Uptake of scale-appropriate agricultural machinery in Bangladesh: policy insights from historical and census survey analyses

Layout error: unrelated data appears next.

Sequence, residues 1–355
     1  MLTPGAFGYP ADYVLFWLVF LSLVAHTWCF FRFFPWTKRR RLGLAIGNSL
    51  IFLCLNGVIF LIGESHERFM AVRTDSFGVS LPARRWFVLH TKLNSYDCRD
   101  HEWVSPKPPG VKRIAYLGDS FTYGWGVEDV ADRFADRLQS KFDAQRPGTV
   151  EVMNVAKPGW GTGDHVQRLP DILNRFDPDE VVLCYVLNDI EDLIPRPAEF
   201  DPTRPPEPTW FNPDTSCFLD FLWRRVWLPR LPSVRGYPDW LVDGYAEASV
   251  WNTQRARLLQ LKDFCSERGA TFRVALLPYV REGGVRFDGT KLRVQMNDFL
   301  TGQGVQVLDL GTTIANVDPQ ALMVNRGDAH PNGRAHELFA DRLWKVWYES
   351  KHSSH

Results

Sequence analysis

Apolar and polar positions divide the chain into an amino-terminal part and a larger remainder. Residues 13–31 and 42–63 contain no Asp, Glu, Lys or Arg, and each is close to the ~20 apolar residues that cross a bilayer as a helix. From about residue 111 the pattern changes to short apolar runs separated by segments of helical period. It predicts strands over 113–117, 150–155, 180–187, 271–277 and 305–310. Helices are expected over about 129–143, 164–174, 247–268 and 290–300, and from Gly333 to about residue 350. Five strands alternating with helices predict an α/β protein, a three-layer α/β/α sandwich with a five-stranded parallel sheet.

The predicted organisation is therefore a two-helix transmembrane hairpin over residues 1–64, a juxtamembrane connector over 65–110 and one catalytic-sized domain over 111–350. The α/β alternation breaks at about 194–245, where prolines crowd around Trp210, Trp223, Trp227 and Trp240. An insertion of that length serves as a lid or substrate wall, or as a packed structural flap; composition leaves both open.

In response to calls for increased crop intensification and technological options that alleviate labour and drudgery constraints in agriculture, donors and policy makers in South Asia increasingly advocate agricultural machinery appropriate for smallholder farmers’ landholdings. When carefully utilized, ‘scale-appropriate’ machinery has the potential to boost returns to land and labour, and alleviate the sometimes substantial funds required for machinery investment that can exclude smallholders from purchase and ownership – especially where subsidies are not offered. Expanding demand among farmers for mechanized planting, irrigation, harvest, and post-harvest equipment has however resulted in popular systems of rural machinery services provision, whereby smallholders access machines through cost-effective fee-for-service arrangements. Such systems are especially prominent in Bangladesh, although the extent of rural mechanization markets are still not comprehensive. As such, a substantial number of farmers could still benefit from increased access. To help prioritize investments in development efforts focussed on scale-appropriate machinery, donors and policy makers require information explaining what influences farmers to purchase machinery and provide services to other farmers as clients. This research addresses this need, by using census data from 814,058 Bangladeshi farm households (HHs) collected by Bangladesh Bureau of Statistics surveyed in 2008. We applied a multinomial probit model estimation approach to identify the factors that are related to ownership of agricultural machinery, inclusive of HH characteristics and assets, as well as proximity and relation to institutional and civil infrastructural variables, to examine the ownership of irrigation pumps, threshers, and two-wheel tractor driven power-tillers. In addition to household asset ownership, credit availability, and electrification, we found that road density also significantly and positively affects machinery ownership in rural Bangladesh. We therefore suggest that donors and policy makers should focus not only on short-term projects aimed at increasing adoption of machinery or in improvement of machinery value chains; rather, sustained emphasis on improving regional physical and civil infrastructure appears to also be prerequisite to create an enabling environment for expansion of scale-appropriate farm machinery, and as such should also receive policy and donor prioritization.